This original version of the oft-covered (the Steve Marriott-led Small Faces, the Steve Winwood-fronted Spencer Davis Group, the Clash, the Jam, and — most recently — Alicia Keys) bluesy ballad has never been bettered, thanks mainly to Holloway's cat-footed, gospel-drenched vocal. And, yeah, it was a product of Motown's mid-'60s L.A. office — 'twas written by erstwhile Four Preps member Ed Cobb, who worked similar songsmithing miracles for the Standells ("Dirty Water," et al.) and Gloria Jones (the original version of "Tainted Love") — but that only reinforces the scope of Berry Gordy's accomplishments. (DW)

62 "Papa Was a Rolling Stone" The Temptations (Gordy) 1972

Penned by staff writers Norman Whitfield and Barrett Strong, "Papa Was a Rolling Stone" employed three different lead singers — four if you count the wah-wah guitar — discussing the rumors heard about the late father who deserted them. Papa was a stone-cold hustler: part-time bluesman, pimp and storefront preacher known for "stealin' in the name of the Lord." Despite the fact that Dennis Edwards' dad actually had died on the third of September, Whitfield forced him to sing the famous opening line, later losing his job with the group over it. Later memorably covered by iconoclasts Was (Not Was). (MH)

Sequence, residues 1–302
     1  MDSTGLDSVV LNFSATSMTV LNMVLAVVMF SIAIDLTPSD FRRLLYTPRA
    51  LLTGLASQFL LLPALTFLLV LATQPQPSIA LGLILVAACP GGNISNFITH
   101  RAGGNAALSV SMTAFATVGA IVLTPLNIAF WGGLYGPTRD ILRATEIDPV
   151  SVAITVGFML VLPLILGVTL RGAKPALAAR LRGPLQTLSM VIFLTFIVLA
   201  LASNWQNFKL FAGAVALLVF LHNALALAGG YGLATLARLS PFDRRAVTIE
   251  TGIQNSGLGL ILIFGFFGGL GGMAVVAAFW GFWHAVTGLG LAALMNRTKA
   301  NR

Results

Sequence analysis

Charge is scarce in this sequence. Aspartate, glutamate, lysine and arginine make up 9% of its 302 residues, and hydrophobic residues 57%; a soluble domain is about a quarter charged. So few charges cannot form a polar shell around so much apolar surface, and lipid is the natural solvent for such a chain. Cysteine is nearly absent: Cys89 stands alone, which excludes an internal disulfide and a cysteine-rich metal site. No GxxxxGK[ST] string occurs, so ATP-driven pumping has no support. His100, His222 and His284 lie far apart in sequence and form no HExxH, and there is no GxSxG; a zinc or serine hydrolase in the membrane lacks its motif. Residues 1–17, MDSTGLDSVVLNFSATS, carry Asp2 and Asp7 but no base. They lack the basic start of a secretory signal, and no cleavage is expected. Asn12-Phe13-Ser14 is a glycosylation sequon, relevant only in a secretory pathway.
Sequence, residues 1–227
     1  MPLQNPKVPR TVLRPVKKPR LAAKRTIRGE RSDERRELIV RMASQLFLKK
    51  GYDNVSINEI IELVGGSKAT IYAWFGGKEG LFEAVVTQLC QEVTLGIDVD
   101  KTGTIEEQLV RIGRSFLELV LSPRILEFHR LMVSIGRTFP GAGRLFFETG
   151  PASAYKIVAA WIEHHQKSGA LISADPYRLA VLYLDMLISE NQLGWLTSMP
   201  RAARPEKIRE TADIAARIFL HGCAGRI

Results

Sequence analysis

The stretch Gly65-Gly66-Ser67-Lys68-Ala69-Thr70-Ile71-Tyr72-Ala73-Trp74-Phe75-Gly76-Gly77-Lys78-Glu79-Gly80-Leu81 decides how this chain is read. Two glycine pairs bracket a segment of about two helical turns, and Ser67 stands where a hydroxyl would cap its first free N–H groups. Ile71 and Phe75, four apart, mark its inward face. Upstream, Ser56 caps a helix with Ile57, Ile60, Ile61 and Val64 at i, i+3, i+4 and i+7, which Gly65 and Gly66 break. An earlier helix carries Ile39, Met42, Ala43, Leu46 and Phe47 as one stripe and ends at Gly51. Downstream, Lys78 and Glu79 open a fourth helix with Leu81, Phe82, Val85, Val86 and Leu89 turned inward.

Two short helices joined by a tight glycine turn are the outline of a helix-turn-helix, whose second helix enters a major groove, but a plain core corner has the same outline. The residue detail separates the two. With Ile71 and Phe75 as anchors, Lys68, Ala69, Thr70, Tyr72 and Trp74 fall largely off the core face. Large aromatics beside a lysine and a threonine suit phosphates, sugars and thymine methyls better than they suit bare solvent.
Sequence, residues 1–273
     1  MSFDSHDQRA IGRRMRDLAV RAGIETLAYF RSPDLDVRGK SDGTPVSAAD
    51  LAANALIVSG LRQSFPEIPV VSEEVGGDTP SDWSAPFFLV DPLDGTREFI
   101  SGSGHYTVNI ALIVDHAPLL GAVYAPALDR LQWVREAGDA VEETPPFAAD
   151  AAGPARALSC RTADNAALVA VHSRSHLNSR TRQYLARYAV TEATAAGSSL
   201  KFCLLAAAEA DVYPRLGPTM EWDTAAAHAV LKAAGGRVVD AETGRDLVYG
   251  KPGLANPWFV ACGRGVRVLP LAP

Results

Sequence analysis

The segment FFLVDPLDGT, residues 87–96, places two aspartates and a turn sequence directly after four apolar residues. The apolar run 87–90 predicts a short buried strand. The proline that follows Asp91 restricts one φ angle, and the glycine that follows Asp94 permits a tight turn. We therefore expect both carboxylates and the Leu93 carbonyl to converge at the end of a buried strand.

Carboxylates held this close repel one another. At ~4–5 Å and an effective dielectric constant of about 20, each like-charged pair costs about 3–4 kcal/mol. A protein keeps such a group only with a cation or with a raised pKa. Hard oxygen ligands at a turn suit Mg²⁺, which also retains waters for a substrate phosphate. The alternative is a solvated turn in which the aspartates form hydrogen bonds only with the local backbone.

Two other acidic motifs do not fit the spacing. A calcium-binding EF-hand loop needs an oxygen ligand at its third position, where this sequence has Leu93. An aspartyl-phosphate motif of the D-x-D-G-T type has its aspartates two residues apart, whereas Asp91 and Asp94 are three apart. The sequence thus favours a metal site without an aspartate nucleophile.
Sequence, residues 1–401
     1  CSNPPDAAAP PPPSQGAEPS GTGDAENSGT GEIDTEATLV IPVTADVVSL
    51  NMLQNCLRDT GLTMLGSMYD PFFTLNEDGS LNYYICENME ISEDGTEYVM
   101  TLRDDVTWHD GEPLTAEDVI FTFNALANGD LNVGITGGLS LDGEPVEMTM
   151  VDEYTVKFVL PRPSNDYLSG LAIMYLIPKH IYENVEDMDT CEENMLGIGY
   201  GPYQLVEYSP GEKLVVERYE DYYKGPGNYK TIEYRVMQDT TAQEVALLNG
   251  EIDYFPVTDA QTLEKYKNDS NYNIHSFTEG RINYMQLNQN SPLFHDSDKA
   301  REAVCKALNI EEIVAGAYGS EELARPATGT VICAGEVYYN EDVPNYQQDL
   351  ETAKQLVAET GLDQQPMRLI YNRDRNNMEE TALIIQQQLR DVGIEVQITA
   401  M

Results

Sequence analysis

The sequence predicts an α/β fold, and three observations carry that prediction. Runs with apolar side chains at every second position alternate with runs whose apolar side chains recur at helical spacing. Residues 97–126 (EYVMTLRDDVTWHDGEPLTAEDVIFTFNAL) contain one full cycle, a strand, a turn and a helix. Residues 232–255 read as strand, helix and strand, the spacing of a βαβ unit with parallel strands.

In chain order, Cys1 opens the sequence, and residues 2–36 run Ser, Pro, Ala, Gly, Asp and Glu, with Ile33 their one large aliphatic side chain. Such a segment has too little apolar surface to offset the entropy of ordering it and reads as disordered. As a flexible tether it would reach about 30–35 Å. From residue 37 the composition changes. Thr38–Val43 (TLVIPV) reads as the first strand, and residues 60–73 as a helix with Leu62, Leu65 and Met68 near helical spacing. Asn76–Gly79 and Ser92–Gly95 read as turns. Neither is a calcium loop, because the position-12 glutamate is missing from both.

63 "Mind Over Matter" Nolan Strong & the Diablos (Fortune) 1962

A local smash upon its release, "Mind Over Matter" sounded like nothing that came before it and nothing that's come since. Built around a six-string riff that Keith Richards would later swipe for "Start Me Up," this genre-defying single was as much about the ground-breaking approach of guitarist Chuck Chittenden as it was the ethereal-voiced delivery of its lead singer. Surf drums, doo-wop harmonies, country chord changes and a blazing guitar solo compounded Berry Gordy's attempt to cash in with a cover version by the aptly named Pirates (actually the Temptations in disguise). Good as it was, some magic just can't be duplicated. (MH)

64 "Reach Out, I'll Be There" The Four Tops (Motown) 1966

The definitive Motown — well, H-D-H, anyway — mid-'60s production. Melodic, propulsive bassline. Drop-forge drumming. Flutes. Exotic percussion. Wailing harmonies that seem to echo from the cold distance of the void itself. And Levi Stubbs singing like he's about to burst into flames at any moment. "Just look over your shoulder!" H-bomb. Wipeout. All she wrote. (DW)

65 "Where Did Our Love Go" The Supremes (Motown) 1964

This was the big bang for the Supremes. Holland-Dozier-Holland originally intended the tune for the Marvelettes, who hated it. The Supremes had little choice — all their singles had bombed up to that point. They also disliked the song, however, and after the Marvelettes warned them not to let the producers boss them around, there was some animosity during recording; Eddie Holland originally wanted Mary Wilson to sing lead, but his partners objected. Nevertheless, the song went to No. 1, leading to a string of chart-toppers for the most famous girl group in history. They outsold the Beatles the following year. (BH)

66 "Goin' to a Go-Go" The Miracles (Tamla) 1966